In the interviews given on account of The Coast of Utopia Tom Stoppard has been eager to acknowledge that the first part of the trilogy, Voyage, grew out of his admiration for Russian drama and a desire to write a play in the Russian style. Despite its title and unlike the other two plays of the trilogy, Voyage is for the most part set in one location, on a family country estate, and, in addition to such broad “atmospheric” Russian elements as a garden, a veranda, and “doleful piano music,” contains multiple specific allusions to Čexov’s plays. Comprising four sisters and a brother, a beginning writer and a foreign governess, fishing rods and a cry ”To Moscow!”, Voyage, to paraphrase a well-known expression of one of its characters, Vissarion Belinskij, resembles, if not an encyclopedia of Russian life, then certainly an encyclopedia of Čexov’s dramatic canon. In the following parts of the trilogy, Čexovian references become less explicit and less intense yet continue to inform some of its recurring images, such as the sounds of a ”distant thunder,” echoing, of course, the sound of the broken string.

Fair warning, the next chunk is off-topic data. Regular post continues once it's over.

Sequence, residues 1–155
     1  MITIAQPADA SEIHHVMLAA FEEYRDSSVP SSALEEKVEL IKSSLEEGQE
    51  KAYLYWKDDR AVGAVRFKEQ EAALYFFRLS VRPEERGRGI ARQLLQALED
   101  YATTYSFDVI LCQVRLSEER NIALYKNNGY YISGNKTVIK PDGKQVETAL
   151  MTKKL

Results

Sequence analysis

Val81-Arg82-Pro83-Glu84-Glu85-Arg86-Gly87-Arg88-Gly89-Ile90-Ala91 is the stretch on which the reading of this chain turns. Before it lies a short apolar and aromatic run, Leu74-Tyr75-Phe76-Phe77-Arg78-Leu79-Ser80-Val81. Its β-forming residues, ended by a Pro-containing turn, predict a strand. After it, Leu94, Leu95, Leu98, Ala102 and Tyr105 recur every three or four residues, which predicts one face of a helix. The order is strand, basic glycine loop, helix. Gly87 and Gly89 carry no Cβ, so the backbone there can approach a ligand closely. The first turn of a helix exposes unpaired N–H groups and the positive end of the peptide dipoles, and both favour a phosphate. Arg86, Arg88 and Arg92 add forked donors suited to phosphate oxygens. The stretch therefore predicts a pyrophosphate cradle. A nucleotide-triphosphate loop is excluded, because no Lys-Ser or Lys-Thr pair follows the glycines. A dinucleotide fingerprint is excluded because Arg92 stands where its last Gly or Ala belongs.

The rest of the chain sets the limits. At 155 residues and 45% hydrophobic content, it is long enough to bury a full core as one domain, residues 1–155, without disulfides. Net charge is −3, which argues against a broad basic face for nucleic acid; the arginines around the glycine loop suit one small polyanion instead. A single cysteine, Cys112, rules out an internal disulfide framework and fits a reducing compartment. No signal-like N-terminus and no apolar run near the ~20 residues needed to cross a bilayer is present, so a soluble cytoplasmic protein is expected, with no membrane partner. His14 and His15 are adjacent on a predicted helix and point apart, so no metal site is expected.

At the same time, Stoppard has stated that The Coast of Utopia should not be seen as a ‘Russian’ play but rather as a drama of ideas, in the tradition of G. B. Shaw. However, Shaw himself had been tempted to compose in the “Russian style” and wrote Heartbreak House: A Fantasia in the Russian manner on English themes. Does Stoppard’s work address the “Russian manner” and the “Russian themes” in their own right, or rather within the framework of their Western (English) reception? Does his mélange of the Čexovian topoi expose, parody, or deconstruct a set of cultural clichés? The paper will consider the significance of the Čexovian subtext in The Coast of Utopia, and its relevance to the philosophical and artistic concerns of the trilogy as a whole.